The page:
When 2-year-old Maryland-bred filly At Arms Length was to be sold by the estate of her breeder, E. Taylor Chewning, at a November Belmont Park horses of racing age sale, trainer Eddie Gaudet urged his client Fendall Clagett to buy her. Even though she boasted a solitary win at Timonium in her four starts, Clagett purchased the filly privately from Chewning’s son Taylor for $15,000, and immediately bumped into Israel “Izzy” Cohen, who went in for half. Three months later Clagett and Cohen owned a multiple stakes winner.
At Arms Length won Liberty Bell’s Heirloom Handicap in January and two weeks later captured Pimlico’s Flirtation Stakes. Clagett had known At Arms Length’s dam, having stood the filly’s sire Nashver at his Larking Hill Farm, and remembered Chewning offering the mare – described by Clagett as an “absolute nut” – for $1, which was promptly turned down. “I told him: ‘Mr. Chewning, I think the world of you and your family. But one present I really don’t need is a one dollar broodmare.”
The best horse ever bred by Maryland Racing Commission member Chewning, At Arms Length would later win Pimlico’s Black-Eyed Susan Stakes and counted the Kentucky Oaks among her stakes placings as she earned $107,562 in 18 starts. One of the leaders of her division, she succumbed to colitis-X and laminitis at New Bolton Center that August.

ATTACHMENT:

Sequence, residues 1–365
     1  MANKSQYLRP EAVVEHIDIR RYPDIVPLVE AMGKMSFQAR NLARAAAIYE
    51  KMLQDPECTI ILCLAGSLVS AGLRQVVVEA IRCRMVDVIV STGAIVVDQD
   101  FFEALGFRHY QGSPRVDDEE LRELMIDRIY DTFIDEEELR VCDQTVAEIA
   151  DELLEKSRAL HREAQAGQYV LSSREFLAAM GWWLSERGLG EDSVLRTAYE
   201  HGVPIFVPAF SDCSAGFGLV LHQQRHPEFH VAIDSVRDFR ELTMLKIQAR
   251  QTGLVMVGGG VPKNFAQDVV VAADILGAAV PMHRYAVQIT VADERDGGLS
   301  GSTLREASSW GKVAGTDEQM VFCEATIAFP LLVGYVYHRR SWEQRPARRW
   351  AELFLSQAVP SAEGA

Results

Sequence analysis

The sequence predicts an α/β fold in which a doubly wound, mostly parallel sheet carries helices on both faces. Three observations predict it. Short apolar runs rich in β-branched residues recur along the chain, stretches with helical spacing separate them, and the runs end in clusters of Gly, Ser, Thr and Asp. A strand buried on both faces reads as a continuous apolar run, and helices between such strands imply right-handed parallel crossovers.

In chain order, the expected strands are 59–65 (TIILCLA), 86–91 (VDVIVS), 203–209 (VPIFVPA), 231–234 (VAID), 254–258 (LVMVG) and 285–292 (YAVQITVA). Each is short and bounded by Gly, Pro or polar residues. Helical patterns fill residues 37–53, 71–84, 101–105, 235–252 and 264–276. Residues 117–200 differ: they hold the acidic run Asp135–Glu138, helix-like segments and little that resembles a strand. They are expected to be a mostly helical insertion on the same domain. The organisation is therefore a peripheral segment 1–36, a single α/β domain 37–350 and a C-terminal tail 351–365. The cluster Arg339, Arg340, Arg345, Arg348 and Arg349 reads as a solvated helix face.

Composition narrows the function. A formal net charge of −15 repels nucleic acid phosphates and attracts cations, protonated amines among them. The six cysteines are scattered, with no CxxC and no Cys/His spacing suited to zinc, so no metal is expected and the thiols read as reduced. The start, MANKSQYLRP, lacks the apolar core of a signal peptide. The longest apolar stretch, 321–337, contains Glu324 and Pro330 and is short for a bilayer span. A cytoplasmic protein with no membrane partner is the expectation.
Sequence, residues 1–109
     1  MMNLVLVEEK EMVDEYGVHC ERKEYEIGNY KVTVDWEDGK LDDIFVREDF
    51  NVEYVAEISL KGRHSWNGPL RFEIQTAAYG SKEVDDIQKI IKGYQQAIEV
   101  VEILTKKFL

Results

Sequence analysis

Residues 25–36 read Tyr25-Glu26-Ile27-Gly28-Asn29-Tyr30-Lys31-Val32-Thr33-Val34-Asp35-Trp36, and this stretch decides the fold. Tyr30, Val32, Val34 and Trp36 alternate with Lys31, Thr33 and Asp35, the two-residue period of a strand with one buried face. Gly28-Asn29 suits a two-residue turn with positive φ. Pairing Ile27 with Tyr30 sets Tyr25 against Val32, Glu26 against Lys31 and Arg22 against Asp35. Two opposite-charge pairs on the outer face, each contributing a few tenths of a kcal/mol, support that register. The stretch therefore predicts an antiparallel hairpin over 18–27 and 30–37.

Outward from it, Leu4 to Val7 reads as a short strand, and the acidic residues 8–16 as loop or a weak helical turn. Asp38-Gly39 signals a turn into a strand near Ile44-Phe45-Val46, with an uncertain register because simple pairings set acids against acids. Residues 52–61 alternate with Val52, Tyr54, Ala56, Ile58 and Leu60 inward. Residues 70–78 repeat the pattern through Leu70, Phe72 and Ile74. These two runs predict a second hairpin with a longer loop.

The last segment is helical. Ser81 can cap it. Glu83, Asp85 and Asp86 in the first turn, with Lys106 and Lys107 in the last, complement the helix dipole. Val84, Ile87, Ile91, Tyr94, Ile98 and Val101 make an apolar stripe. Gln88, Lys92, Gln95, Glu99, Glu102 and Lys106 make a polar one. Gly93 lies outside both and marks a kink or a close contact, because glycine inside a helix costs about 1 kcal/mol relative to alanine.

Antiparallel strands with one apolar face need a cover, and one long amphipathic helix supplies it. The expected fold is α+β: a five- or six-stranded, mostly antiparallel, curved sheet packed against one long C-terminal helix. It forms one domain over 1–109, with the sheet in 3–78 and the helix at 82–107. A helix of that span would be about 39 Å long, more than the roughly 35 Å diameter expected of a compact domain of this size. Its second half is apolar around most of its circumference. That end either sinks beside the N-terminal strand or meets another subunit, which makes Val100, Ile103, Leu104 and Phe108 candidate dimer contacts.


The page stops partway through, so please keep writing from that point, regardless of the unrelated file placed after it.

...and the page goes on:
- Mary McLennan, wife of former racing secretary Charles J. McLennan, daughter of Hall of Fame trainer Max Hirsch, and the first licensed woman trainer (in 1934), bred her first stakes winner when the 3-year-old Maryland-bred gelding Royal J.D. won Liberty Bell’s Allegheny. After more than 20 years of breeding horses, the McLennans no longer had horses at their Welcome Here Farm in Glyndon, Md., after a shortage of farm help forced them to sell.
“With her husband retired and her broodmares sold, Mrs. McLennan finds life today a far cry from those days of frenzied activity when Charlie wrote races at Pimlico, Laurel, Havre de Grace, Hialeah. . . and when her father, the great, remarkable Max Hirsch, sent her horse after horse to turn out on the farm. . . ” wrote Snowden Carter. “Oh, I might get back into it,” she responded. “But it’s a lot easier when you have youth on your side.”
Mary McLennan can be found featured in the National Museum of Racing and Hall of Fame’s current “Women in Racing” exhibit.